We use cookies to ensure that we give you the best experience on our website. By continuing to browse this repository, you give consent for essential cookies to be used. You can read more about our Privacy and Cookie Policy.

Durham Research Online
You are in:

Medieval 'Disputationes de obligationibus' as formal dialogue systems.

Uckelman, Sara L. (2013) 'Medieval 'Disputationes de obligationibus' as formal dialogue systems.', Argumentation., 27 (2). pp. 143-166.


Formal dialogue systems model rule-based interaction between agents and as such have multiple applications in multi-agent systems and AI more generally. Their conceptual roots are in formal theories of natural argumentation, of which Hamblin’s formal systems of argumentation in Hamblin (Fallacies. Methuen, London, 1970, Theoria 37:130–135, 1971) are some of the earliest examples. Hamblin cites the medieval theory of obligationes as inspiration for his development of formal argumentation. In an obligatio, two agents, the Opponent and the Respondent, engage in an alternating-move dialogue, where the Respondent’s actions are governed by certain rules, and the goal of the dialogue is establishing the consistency of a proposition. We implement obligationes in the formal dialogue system framework of Prakken (Knowl Eng Rev 21(2):163–188, 2006) using Dynamic Epistemic Logic (van Ditmarsch et al. in Dynamic epistemic logic, Synthese Library Series. Springer, Berlin, 2007). The result is a new type of inter-agent dialogue, for consistency-checking, and analyzing obligationes in this way also sheds light on interpretational and historical questions concerning their use and purpose in medieval academia.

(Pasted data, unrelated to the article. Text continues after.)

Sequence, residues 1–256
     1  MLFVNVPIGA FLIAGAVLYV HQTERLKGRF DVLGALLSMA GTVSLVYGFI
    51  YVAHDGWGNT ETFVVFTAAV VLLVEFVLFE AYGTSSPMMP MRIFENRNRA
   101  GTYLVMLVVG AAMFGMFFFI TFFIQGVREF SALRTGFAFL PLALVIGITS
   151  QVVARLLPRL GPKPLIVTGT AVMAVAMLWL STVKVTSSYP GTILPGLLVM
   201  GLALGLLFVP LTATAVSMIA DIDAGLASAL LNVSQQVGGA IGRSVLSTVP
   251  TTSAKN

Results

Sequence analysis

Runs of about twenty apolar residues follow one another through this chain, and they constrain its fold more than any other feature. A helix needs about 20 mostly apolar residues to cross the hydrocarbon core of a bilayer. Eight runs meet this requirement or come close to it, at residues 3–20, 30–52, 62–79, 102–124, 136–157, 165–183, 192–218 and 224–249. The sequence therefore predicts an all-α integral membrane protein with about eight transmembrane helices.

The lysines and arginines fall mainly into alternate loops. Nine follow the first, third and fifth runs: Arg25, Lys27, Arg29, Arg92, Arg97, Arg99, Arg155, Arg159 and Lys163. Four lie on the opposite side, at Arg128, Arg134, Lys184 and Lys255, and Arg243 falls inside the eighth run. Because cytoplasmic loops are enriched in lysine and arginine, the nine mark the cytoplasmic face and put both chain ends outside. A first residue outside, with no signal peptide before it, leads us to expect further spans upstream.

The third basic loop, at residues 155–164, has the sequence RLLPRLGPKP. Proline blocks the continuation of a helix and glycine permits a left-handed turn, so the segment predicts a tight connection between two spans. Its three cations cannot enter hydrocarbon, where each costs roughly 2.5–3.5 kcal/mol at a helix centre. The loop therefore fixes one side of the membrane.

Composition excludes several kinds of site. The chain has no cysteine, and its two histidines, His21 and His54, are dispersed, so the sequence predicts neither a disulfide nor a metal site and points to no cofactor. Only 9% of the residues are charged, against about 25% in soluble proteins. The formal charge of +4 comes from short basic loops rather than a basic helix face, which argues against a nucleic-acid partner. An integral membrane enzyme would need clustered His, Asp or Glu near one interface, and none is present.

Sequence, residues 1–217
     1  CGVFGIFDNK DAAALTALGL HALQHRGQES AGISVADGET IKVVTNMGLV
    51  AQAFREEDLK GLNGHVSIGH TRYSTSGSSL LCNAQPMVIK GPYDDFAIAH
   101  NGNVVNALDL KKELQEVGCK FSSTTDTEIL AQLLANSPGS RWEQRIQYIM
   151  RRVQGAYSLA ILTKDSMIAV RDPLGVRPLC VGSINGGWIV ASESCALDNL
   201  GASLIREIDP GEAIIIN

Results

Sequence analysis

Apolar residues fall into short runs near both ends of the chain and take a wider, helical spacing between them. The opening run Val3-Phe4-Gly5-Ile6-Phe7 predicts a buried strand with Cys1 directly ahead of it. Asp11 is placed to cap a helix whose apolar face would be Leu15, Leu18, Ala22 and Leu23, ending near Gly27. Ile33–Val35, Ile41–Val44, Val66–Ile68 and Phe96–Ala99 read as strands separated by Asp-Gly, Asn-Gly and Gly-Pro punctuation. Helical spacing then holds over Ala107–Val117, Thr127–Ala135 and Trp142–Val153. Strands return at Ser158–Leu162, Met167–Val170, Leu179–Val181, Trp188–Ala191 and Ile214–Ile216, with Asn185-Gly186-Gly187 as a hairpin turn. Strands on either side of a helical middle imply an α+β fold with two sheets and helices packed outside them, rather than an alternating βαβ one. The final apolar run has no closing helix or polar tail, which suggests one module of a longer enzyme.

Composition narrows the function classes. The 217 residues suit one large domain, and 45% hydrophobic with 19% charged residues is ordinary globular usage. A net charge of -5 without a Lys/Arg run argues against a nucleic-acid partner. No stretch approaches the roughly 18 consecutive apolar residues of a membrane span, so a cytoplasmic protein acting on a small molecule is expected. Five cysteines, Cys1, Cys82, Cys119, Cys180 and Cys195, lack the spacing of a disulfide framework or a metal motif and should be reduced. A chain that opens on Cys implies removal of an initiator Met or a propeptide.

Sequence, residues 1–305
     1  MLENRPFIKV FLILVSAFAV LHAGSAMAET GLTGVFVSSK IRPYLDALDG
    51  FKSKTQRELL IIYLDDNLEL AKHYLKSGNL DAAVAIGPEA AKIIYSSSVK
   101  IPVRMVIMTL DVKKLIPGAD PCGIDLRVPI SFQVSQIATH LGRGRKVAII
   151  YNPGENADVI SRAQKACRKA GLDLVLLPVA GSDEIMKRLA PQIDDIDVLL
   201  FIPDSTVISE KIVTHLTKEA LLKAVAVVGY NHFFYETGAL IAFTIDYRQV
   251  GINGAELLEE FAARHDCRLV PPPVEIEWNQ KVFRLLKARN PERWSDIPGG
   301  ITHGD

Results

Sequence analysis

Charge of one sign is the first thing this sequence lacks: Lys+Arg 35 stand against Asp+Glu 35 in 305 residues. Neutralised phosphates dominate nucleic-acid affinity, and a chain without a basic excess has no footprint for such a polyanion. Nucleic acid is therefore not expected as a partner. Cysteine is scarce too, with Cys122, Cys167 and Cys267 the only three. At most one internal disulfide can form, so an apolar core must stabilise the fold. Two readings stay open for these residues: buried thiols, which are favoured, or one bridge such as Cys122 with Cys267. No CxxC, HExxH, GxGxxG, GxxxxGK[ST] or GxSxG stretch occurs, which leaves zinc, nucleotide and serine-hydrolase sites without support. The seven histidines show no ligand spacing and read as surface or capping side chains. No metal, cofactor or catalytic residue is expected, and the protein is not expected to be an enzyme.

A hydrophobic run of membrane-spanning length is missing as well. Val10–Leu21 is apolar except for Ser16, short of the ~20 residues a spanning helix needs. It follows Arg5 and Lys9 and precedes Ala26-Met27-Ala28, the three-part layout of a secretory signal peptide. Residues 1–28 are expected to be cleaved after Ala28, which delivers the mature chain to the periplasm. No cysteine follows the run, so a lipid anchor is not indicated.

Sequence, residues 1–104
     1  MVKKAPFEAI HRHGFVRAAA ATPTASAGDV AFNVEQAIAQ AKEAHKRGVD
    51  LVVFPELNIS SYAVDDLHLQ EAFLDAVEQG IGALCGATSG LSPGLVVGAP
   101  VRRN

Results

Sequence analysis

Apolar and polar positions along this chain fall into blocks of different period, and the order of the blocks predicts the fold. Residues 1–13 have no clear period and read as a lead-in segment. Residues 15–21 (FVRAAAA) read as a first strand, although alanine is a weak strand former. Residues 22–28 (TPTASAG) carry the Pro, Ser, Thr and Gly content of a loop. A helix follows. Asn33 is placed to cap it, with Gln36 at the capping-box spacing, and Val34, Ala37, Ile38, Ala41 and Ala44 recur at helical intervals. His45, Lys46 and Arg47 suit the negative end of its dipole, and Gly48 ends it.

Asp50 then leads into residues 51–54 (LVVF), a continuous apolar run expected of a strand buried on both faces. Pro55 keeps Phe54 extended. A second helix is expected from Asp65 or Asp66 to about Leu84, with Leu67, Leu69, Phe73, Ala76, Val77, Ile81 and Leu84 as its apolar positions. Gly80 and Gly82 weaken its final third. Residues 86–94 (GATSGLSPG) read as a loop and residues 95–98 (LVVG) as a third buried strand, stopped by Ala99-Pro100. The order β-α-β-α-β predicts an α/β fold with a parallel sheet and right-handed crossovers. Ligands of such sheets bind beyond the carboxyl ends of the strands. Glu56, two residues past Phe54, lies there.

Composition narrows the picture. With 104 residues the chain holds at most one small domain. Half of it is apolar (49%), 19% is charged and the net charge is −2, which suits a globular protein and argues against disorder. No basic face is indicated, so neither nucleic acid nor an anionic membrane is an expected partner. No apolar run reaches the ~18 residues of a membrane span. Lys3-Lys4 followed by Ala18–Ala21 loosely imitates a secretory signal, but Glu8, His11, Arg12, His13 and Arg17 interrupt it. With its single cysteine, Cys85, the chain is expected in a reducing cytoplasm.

Item Type:Article
Full text:(VoR) Version of Record
Available under License - Creative Commons Attribution.
Download PDF
Publisher Web site:
Publisher statement:Open Access © The Author(s) 2012. This article is published with open access at This article is distributed under the terms of the Creative Commons Attribution License which permits any use, distribution, and reproduction in any medium, provided the original author(s) and the source are credited.
Date accepted:No date available
Date deposited:30 July 2015
Date of first online publication:May 2013
Date first made open access:No date available

Save or Share this output

Look up in GoogleScholar